A Q&A with A Fall From Grace Director Jennifer Lynch
Photography by Kevin A. Roberts
Director and screenwriter Jennifer Lynch has been leaving her mark in film and television for over twenty years. The daughter of renowned American filmmaker David Lynch and painter Peggy Reavey, Lynch was just 25 when her notorious first feature, Boxing Helena, premiered in 1993. Following the critical drubbing to which both the film and Lynch were subjected, it was another fifteen years before she helmed another feature, the 2008 indie thriller Surveillance. That film clinched Lynch a Best Director prize at the New York Horror Film Festival, and has led to a second life of sorts for the filmmaker as a crafter of smaller-scale, delightfully perverse independent cinema. Lynch's newest film, A Fall From Grace, is currently inching into pre-production, and will be set in and shot on location in St. Louis. Lynch and her co-writer and producer, Eric Wilkinson, recently sat down with St. Louis Magazine recently to talk about the city's peculiar vibe, the perils of the creative process, and the director's life-long search for her own, distinct artistic voice.
Click here to read our interview with Fall From Grace writer and producer, Eric Wilkinson.
The script for your upcoming film, A Fall from Grace, was co-written by you and one of the film's producers and performers, Eric Wilkinson. How did you originally get involved?
The script that Eric gave me was inspired by the creepy feeling he got while he was standing on the Old Chain of Rocks Bridge. He only later found out about the Kerry sisters [the 1991 murder of Julie and Robin Kerry at the bridge]. Eric's script was not about the sisters at all, but it was certainly inspired by the mood on that bridge, and the fact that something dark had happened there. I know that's a very potent case for St. Louis. I think that at some point in the future, Eric wants to focus on that case in a different film, if he can get the family's permission, because he wants to do it respectfully.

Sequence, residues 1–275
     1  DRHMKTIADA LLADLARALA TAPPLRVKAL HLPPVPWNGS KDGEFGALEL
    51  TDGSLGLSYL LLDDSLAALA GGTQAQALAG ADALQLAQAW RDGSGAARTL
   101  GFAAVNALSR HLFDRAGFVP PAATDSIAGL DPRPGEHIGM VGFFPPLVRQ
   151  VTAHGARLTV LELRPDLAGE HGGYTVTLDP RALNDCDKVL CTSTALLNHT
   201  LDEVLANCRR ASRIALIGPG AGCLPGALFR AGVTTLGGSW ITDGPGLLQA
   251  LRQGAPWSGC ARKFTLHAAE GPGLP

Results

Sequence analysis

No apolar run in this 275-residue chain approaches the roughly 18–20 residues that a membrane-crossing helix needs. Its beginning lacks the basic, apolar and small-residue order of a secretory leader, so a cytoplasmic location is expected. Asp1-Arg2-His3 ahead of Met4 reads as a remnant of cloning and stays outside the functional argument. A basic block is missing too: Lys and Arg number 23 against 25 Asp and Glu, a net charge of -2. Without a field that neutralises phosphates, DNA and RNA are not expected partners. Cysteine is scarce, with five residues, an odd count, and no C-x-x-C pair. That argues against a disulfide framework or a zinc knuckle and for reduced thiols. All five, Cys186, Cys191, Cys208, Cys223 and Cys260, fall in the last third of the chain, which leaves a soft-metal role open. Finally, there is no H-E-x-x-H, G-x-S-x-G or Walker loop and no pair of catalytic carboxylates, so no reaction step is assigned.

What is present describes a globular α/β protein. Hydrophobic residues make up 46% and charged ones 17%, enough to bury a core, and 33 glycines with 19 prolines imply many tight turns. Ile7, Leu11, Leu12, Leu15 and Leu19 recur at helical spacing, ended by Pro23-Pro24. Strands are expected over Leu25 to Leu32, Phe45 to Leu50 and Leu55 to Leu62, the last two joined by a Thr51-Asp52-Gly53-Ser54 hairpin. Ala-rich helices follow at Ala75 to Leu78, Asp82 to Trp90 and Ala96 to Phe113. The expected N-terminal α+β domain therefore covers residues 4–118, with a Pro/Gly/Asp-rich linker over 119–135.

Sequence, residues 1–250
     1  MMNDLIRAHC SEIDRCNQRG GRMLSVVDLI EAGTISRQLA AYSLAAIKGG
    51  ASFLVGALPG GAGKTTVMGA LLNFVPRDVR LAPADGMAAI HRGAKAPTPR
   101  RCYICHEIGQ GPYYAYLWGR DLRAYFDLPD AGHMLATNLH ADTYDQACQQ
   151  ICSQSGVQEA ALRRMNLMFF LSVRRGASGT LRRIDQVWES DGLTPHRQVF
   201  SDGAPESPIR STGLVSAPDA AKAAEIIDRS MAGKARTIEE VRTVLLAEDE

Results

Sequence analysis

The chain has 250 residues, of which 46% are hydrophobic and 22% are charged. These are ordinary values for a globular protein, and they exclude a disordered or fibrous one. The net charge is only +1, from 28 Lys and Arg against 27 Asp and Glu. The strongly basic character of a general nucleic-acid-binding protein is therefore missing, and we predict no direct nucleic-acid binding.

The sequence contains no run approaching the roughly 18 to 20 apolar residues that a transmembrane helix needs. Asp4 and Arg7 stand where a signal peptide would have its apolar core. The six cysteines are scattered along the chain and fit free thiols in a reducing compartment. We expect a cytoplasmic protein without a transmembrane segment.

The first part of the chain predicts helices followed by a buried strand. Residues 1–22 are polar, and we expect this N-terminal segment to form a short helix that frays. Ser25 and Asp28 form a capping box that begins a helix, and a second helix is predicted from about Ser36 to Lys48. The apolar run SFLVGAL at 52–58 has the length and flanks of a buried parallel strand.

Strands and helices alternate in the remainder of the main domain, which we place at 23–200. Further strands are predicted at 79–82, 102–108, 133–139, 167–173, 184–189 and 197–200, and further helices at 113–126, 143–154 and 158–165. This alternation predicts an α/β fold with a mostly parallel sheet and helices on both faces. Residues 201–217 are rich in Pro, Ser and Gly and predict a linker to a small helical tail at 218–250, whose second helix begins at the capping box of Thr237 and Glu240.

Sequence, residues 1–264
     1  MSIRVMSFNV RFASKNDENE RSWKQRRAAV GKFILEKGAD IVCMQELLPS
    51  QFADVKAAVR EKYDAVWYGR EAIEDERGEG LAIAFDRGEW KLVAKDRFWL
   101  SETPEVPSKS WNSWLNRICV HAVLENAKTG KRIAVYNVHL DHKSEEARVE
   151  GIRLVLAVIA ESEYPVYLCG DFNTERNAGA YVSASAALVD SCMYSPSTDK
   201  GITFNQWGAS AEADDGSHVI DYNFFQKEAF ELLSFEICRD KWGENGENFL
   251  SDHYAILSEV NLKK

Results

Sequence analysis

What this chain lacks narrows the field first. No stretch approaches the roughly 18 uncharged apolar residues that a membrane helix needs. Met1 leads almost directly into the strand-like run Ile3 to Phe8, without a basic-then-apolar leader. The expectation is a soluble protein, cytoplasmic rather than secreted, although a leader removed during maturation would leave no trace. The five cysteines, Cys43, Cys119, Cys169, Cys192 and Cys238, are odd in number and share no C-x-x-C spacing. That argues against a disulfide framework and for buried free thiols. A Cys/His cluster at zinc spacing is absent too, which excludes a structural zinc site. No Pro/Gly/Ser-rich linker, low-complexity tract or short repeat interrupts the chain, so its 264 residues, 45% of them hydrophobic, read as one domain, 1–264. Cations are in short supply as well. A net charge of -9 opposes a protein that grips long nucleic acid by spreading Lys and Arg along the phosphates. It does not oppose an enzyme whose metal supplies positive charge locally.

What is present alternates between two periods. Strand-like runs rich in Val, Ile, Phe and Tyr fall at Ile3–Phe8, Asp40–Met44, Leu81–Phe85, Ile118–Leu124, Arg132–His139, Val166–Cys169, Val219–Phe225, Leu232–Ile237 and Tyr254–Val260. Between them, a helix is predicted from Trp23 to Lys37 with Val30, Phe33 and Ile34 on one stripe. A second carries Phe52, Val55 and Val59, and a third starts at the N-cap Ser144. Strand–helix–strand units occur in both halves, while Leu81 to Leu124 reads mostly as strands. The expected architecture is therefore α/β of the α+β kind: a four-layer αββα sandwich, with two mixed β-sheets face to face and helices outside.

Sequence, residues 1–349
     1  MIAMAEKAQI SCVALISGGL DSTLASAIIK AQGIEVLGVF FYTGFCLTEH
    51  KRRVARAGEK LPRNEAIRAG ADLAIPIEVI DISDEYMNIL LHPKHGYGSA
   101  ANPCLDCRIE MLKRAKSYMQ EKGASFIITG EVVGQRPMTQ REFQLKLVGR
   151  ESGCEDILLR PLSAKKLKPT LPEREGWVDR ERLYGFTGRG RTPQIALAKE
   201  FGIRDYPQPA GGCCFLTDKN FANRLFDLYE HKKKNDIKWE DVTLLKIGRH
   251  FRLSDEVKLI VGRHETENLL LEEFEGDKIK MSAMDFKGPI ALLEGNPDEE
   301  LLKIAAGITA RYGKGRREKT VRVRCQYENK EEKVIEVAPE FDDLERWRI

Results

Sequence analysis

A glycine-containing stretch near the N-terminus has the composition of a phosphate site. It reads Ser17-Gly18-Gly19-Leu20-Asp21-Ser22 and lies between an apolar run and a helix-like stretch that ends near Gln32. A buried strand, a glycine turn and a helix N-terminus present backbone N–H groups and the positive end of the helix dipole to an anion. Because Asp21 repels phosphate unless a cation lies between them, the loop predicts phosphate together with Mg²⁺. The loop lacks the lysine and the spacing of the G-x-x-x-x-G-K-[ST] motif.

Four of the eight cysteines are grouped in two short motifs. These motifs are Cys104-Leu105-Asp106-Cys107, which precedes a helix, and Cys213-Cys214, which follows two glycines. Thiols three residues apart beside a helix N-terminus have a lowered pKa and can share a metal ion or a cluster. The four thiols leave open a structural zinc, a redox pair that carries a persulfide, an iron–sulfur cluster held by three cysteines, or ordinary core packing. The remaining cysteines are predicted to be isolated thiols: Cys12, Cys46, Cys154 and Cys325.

Initially, I said “No” to the project three times. Eric is the kind of writer and producer who is very receptive to the fact that I said, “Look, there are just some things in this script that I don't gravitate towards.” I can't say specifically if there were things I just felt I had seen before, or things that didn't hit that part of me that wanted to bring them to fruition. I told him that I loved the idea of the bridges and a killer, but I'd like to explore some different things, and he was very all about that. I did a big re-write and a re-configuration of things, changing some of the story and the characters. And Eric was very happy with the result, and so was I. And at that point it was a story that I wanted to tell, very deeply.
That was all brought about because Eric told me, “You've got to come see St. Louis.” I'd never been there, but the moment I was there, I fell in love with it. The city is not just visually arresting, it's the mood and a quality of life, and a type of people that just breeds amazing stories. I was totally inspired, and I went back into the script with that new juice. So the project was born partly of the challenge of making something that didn't necessarily spark me. Eric and David [producer David Michaels] are both people I wanted to work with—I had worked with David before on Surveillance—and I felt that it was certainly worth giving this a shot and trying to thrill them and me. And then once I was in St. Louis, it was all a bit of magic, and the script came out.
So the visit to St. Louis was when the project pivoted from more of a work-for-hire to something you could sink your teeth into?
Absolutely. It was the city that brought me, in the very best of ways, to my knees, as far as that creative passion. Around every corner there's new look and a new type of air, and my brain was just going crazy with stories. I think that's what I needed. I am such a fan of the Mississippi River, so that was just a bonus. But you guys have everything: the bridges, the farmland, the city, the wealth, the poverty, the old, the new. I was awestruck. There's something about the vastness of the sky and the potency of the weather that I think really humbles people and makes them authentic in a way that helped me fall in love with characters. I want to showcase St. Louis as a beautiful place with tremendous history, and both an innocence and a creepiness.
Historically, there are only a handful of films shot predominantly on location in St. Louis that are also explicitly set here.